In the last box, which is situated in the darkest and most obscure corner of the shop, considerably removed from either of the gas-lights, are a young delicate girl of about twenty, and an elderly female, evidently her mother from the resemblance between them, who stand at some distance back, as if to avoid the observation even of the shopman. It is not their first visit to a pawnbroker’s shop, for they answer without a moment’s hesitation the usual questions, put in a rather respectful manner, and in a much lower tone than usual, of ‘What name shall I say?—Your own property, of course?—Where do you live?—Housekeeper or lodger?’ They bargain, too, for a higher loan than the shopman is at first inclined to offer, which a perfect stranger would be little disposed to do; and the elder female urges her daughter on, in scarcely audible whispers, to exert her utmost powers of persuasion to obtain an advance of the sum, and expatiate on the value of the articles they have brought to raise a present supply upon. They are a small gold chain and a ‘Forget me not’ ring: the girl’s property, for they are both too small for the mother; given her in better times; prized, perhaps, once, for the giver’s sake, but parted with now without a struggle; for want has hardened the mother, and her example has hardened the girl, and the prospect of receiving money, coupled with a recollection of the misery they have both endured from the want of it—the coldness of old friends—the stern refusal of some, and the still more galling compassion of others—appears to have obliterated the consciousness of self-humiliation, which the idea of their present situation would once have aroused.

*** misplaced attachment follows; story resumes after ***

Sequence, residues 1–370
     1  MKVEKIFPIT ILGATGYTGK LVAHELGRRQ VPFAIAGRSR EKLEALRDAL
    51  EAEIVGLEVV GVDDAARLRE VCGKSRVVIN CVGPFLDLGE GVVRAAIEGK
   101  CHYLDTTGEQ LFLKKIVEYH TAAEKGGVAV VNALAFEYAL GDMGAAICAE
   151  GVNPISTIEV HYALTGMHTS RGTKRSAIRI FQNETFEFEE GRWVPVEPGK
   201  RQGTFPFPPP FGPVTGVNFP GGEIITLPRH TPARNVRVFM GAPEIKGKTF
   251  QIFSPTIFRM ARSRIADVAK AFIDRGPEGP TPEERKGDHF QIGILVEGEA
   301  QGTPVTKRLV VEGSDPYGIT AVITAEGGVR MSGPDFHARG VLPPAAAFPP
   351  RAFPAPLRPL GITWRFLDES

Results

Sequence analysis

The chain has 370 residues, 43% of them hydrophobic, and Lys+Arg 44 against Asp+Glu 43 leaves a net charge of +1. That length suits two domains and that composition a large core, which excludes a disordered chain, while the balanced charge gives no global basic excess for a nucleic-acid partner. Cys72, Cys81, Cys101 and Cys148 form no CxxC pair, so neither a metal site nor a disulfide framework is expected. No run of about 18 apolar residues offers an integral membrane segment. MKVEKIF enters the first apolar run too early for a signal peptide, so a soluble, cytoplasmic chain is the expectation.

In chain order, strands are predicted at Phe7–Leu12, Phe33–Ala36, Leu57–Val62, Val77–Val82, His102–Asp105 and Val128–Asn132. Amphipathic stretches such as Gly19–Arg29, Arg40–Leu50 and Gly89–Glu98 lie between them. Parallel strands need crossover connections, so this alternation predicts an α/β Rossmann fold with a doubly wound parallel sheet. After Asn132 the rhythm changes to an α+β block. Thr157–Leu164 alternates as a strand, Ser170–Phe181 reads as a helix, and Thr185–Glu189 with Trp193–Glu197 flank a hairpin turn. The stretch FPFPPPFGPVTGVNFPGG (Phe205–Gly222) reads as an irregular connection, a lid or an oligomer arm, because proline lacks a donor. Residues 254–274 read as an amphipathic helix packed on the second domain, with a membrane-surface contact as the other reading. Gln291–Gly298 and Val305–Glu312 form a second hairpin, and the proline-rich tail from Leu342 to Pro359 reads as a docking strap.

In the next box, is a young female, whose attire, miserably poor, but extremely gaudy, wretchedly cold, but extravagantly fine, too plainly bespeaks her station. The rich satin gown with its faded trimmings, the worn-out thin shoes, and pink silk stockings, the summer bonnet in winter, and the sunken face, where a daub of rouge only serves as an index to the ravages of squandered health never to be regained, and lost happiness never to be restored, and where the practised smile is a wretched mockery of the misery of the heart, cannot be mistaken. There is something in the glimpse she has just caught of her young neighbour, and in the sight of the little trinkets she has offered in pawn, that seems to have awakened in this woman’s mind some slumbering recollection, and to have changed, for an instant, her whole demeanour. Her first hasty impulse was to bend forward as if to scan more minutely the appearance of her half-concealed companions; her next, on seeing them involuntarily shrink from her, to retreat to the back of the box, cover her face with her hands, and burst into tears.